The driver for Accor is the renewed focus on live + work + play aspects of a guest and owning the relationship - drifting away from being just an owner of properties.
But what role does a brand play in the life of a consumer?
For a hospitality brand, perhaps the consumer only relates it with the stay/sleep aspect.
And if a hotel company goes deeper into other spheres of one’s life via its own digital ecosystem, is the foundation of brand going to be shaken? And would it be able deliver the same experience when it sells any other product other than its core one?
These are vital questions that are being asked today when organizations talk of a digital strategy.
For Maud Bailly, Accor’s chief digital officer, one thing is clear: “One of my biggest convictions is – the focus on the human approach. We aren’t going to be completely digitized. My mission is to empower the human relation with the guest. We own the relationship, platforms don’t."
For Bailly, facial recognition, alternative forms of payment, artificial intelligence… all are opportunities to build that association with the guest.
“We see them as opportunities to empower the hotel owners and our employees. All of it should result in happy guests, and at the same time improving upon profitability of each of the hotels,” she says.
Looking beyond the sleep factor
Accor asserts that it has moved on from being owner of properties to owning the relationships, dwelling on aspirational and experiential aspects of travelers.
For the so-called traditional organizations, the evolution is in making the most of what they have plus capitalizing on data, technology and skills of their staff to lay a foundation for agile transformation. This is one in which an organization strives to improve upon all the time with “fail fast and learn fast” attitude.
The driver for Accor is the renewed focus on live + play + work.
It has around 4,800 hotels and 38 brands, but there is more to the Paris, France-based hospitality group.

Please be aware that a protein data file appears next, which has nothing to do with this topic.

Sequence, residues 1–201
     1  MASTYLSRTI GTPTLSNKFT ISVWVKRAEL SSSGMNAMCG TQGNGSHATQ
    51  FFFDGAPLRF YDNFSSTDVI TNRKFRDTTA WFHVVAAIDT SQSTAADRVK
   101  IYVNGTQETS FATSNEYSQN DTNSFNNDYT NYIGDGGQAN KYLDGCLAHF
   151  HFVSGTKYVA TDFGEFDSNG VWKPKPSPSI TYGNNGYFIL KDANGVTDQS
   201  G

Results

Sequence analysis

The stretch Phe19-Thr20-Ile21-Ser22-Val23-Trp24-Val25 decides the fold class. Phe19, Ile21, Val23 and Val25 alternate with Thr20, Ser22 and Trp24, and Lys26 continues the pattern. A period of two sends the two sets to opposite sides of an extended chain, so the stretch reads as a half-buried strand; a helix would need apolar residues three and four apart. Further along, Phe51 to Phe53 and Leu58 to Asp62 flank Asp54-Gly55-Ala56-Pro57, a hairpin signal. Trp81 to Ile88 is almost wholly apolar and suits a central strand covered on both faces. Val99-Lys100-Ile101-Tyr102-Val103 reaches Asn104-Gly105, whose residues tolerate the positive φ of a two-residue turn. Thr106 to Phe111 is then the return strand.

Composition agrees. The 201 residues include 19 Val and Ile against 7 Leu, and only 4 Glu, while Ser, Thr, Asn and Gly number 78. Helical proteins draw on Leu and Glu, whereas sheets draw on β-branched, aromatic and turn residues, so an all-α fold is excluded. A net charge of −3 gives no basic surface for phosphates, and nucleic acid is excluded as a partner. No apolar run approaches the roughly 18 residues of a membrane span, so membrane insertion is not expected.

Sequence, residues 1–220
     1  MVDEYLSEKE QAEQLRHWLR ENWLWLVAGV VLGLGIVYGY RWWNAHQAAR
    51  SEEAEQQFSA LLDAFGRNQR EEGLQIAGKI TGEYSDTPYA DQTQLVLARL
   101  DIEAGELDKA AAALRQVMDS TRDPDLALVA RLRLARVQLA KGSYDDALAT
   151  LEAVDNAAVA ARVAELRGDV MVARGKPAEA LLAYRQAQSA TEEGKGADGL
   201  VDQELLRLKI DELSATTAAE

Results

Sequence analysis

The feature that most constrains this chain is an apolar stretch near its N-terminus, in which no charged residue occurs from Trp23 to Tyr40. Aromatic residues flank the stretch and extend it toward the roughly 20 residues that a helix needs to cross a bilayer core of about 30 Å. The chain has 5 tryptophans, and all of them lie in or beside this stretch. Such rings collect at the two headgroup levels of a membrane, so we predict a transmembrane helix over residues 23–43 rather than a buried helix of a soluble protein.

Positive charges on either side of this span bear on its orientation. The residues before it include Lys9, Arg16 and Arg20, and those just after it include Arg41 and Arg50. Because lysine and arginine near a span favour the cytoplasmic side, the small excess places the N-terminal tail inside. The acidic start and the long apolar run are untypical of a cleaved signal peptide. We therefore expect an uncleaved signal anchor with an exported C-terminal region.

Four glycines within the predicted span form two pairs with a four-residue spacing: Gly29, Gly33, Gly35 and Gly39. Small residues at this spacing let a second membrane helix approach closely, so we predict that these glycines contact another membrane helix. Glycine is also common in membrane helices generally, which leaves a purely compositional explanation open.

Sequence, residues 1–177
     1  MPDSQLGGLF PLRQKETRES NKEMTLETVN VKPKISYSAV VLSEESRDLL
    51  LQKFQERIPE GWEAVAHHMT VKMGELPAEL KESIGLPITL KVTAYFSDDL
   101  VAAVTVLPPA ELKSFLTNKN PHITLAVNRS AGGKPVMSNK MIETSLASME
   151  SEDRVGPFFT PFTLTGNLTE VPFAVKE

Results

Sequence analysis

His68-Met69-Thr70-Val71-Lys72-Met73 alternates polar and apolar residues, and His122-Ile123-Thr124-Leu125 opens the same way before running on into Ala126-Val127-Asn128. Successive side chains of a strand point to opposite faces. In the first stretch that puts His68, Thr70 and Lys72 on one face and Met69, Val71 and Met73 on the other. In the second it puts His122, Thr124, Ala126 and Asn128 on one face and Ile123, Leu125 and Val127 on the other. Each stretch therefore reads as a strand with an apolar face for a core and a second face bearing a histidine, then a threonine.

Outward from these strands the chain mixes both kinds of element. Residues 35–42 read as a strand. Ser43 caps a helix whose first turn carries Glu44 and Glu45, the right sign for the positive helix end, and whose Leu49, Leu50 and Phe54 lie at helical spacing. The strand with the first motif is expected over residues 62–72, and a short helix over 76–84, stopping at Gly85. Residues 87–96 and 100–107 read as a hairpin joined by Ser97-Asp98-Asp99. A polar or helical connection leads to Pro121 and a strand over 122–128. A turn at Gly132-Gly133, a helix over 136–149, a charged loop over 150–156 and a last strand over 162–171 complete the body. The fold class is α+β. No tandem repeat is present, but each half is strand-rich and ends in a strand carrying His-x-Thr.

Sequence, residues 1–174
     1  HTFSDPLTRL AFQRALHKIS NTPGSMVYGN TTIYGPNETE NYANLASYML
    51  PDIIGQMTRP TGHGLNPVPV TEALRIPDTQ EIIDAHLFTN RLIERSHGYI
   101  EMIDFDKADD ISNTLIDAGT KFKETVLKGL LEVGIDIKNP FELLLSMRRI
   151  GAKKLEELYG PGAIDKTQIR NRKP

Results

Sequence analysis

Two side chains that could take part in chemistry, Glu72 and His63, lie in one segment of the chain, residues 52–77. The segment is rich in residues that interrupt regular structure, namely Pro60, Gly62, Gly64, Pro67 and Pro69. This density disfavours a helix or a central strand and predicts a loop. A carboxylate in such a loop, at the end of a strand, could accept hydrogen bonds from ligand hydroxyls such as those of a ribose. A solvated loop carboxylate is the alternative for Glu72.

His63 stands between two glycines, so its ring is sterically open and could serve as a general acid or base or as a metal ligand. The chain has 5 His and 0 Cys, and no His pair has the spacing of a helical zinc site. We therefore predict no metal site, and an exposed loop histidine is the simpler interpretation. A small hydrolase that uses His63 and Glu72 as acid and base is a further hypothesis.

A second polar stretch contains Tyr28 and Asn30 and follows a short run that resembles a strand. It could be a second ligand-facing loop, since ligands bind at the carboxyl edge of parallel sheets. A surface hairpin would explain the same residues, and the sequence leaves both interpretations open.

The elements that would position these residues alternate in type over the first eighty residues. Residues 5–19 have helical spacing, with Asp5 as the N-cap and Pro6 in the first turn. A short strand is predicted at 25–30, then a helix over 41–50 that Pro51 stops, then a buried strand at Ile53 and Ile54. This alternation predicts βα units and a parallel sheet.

Accor is setting up an "always-on" ecosystem – being everywhere (unique experiences and local activities), on the move (not only offering air ticket or car rental, but also taxis etc.), and every day items (food delivery, retail etc.).
“This is because everything is blurring. We want to break down the walls of a hotel. Not just stay, but enjoy something even if you are not staying in a particular location. We have worked on the co-working value proposition as well.
"Plus, we are offering offers in the neighbourhood – a yoga class or enjoying a concert. And one can earn and burn points for such activities as well (via newly designed loyalty program, Accor Live Limitless or ALL) and that too without staying in a property,” explains Bailly, who adds that all elements are scheduled to go live by the end of this year.
Be it for Accor’s own space or outside of it, the group is focusing on experiences and events via partnerships (such as IMG and sports and live entertainment company AEG) to enthral its guests and loyalty program members.
Bailly says Accor’s guests love entertainment and cited the example of witnessing U.S. former first lady Michelle Obama speak at the AccorHotels arena in April and The French Open Grand Slam in Paris in May.
“We want our loyalty program members to interact frequently and enjoy as per their interests - entertainment, dining and culinary, and sports,” said Bailly.
She also adds that partnerships are key to sourcing inventory/ content for its lifestyle platform as Accor can’t expect to interact with guests in the same way in different markets.
What this means is Accor is embracing transformation (via agile methodology of product development and co-design, acting on 160 terabytes of data, collaboration with start-ups, sourcing inventory for “non-sleep” products etc.) to serve the guest.
As for the guest, Bailly says Accor has identified four major expectations:
Keep it simple for the guest, be it for designing of intuitive digital interfaces or working on easy rules to earn and burn points in a loyalty program.
Bailly notes that this area needs attention as instant gratification counts. “It is vital to ensure that by increasing the stickiness of a loyalty program (by frequent usage), especially via mobile, there is a sense of belonging-ness to Accor’s loyalty initiative,” she says.
Citing an example, one way is to present concrete awards, rather than just showing points in the loyalty app. There are now going to be new premium status levels with the top one being invitation-only tier.
Accor’s all loyalty initiatives, including one with Chinese strategic partner Huazhu, have a visibility of 150 million cardholders, including more than 100 million in China, through earn, burn and other benefits.
Maud Bailly at the TravelDaily Conference
Accor's chief digital officer will speak at the 2019 event on August, 28, in Shanghai.